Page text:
As pressure mounts to get more trains and buses running in the capital, Sadiq Khan’s transport deputy Heidi Alexander has warned of lengthy queues, face-covering, and overall capacity being at a fifth of pre-crisis levels.
Speaking at a London TravelWatch webinar, Alexander said there is “no perfectly-formed set of answers” about the future of the city’s public transport network. With certainty still needed from government on when and how schools and different sectors of the economy would reopen and which public health rules would be applied, “it’s a bit like trying to finish a jigsaw puzzle in the dark,” she said.
Usage, currently down at 19th century levels, would go back up, she said, and Transport for London would run “as many Tubes and buses as is physically possible with the resources we have”, but the public would also expect TfL to keep passengers and staff safe.
Two metre distancing on the Victoria line, for example, would mean 21 passengers per carriage rather than 125. And on the system as a whole running at pre-crisis levels, even a one metre distancing rule would reduce rush hour capacity by more than three-quarters.
Alexander set out a mantra of four principles to avoid a “car-based” recovery: reducing numbers on the system by continuing to encourage working from home; “re-moding”, which means shifting to more walking and cycling; re-timing journeys to ease rush hour pressure as well as avoiding “pinch points” such as King’s Cross and London Bridge; and re-imagining travel, with new ways of behaviour including mask-wearing, queuing and distancing.
Her comments came as the Mayor unveiled his “London StreetSpace” plan, billed as a major transformation of the city’s streets to accommodate a possible ten-fold increase in cycling and five-fold increase in walking as lockdown restrictions ease.
The plan comes amid warnings that even a small shift from public transport to driving would see London “grinding to a halt” and pollution levels soaring. “To prevent this happening, TfL will rapidly repurpose London’s streets to serve this unprecedented demand for walking and cycling in a major new strategic shift,” City Hall announced yesterday.
The programme will initially see temporary cycle lanes on Euston Road, one of the busiest routes in the capital, with further cycle schemes coming forward alongside pavement widening on shopping streets and plans to reduce traffic on residential streets, creating new “low-traffic” neighbourhoods.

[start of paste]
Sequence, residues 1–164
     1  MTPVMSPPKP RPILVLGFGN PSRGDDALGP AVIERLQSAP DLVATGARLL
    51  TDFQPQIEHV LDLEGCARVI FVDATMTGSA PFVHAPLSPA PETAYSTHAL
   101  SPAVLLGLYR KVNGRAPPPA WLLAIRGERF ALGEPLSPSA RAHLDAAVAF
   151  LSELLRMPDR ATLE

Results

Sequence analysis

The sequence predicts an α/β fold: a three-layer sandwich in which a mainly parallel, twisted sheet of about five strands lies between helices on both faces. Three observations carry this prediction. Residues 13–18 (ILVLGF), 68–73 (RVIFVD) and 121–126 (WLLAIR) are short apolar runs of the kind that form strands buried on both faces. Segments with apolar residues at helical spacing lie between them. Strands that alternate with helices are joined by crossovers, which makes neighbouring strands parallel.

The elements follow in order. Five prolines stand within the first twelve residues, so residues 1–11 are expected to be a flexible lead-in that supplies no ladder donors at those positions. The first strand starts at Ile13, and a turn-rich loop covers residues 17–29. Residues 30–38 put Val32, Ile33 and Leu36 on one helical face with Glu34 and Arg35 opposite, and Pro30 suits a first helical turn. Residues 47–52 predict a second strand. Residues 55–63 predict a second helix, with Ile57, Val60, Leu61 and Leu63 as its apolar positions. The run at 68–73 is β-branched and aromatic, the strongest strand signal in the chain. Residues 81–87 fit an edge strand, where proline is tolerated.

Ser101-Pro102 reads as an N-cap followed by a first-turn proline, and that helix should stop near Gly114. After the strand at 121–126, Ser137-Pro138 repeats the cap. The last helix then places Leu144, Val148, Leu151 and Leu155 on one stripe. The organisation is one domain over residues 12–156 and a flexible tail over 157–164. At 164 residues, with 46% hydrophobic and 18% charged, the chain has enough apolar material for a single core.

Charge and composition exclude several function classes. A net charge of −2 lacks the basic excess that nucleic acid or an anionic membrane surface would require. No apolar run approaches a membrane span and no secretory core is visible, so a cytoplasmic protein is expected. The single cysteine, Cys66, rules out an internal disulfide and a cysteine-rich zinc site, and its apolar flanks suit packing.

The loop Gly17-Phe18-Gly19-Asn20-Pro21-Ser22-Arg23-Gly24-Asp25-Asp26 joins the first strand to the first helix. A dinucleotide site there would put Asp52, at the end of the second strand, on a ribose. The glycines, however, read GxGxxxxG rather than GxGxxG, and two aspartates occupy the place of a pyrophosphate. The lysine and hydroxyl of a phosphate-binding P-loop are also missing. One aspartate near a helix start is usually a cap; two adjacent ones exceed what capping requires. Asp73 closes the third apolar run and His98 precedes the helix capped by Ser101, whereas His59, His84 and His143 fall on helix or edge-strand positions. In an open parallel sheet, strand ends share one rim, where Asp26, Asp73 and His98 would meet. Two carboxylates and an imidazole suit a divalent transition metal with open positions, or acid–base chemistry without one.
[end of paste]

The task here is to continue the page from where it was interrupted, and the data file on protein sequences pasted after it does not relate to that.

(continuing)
“The capacity of our public transport will be dramatically reduced post-coronavirus as a result of the huge challenges we face around social distancing,” said Khan. “I urge the government and boroughs to work with us to enable Londoners to switch to cleaner, more sustainable forms of transport and reduce the pressure on other parts of our transport network once the lockdown is eased.”
Meanwhile Tory MPs were ramping up pressure on City Hall, with Kensington’s Felicity Buchan using an urgent question to the health secretary to call for Khan to get more Tubes running and Theresa Villiers (Chipping Barnet) making the same point at Prime Minister’s Questions, accusing Khan of “wrongly” saying that only key workers could use the Underground.
While supporting the call for a “bigger and more expansive” Tube service, Johnson also stressed the need to maintain social distancing and hinted at work with City Hall on “helping people get to work other than by mass transit”, suggesting that “this should be a new golden age for cycling”.
With income collapsing and TfL heading rapidly towards financial crisis, focus is shifting towards the detail of the government’s recovery plans and how new ways to travel in London will be paid for.
“We are in a very live discussion with government about the financial support government will give to TfL over the coming year,” said Alexander. “All these things we would like to be doing, we need money to be able to do them. I’m hoping for some good news within the next week.”
Also speaking on the TravelWatch webinar, Robert Nisbet of the Rail Delivery Group, representing UK train operators and Network Rail, highlighted differences in the government’s approach to TfL and the train industry: “The government has stood behind us. Effectively, franchises have been paused…government has now assumed the revenue risk.”
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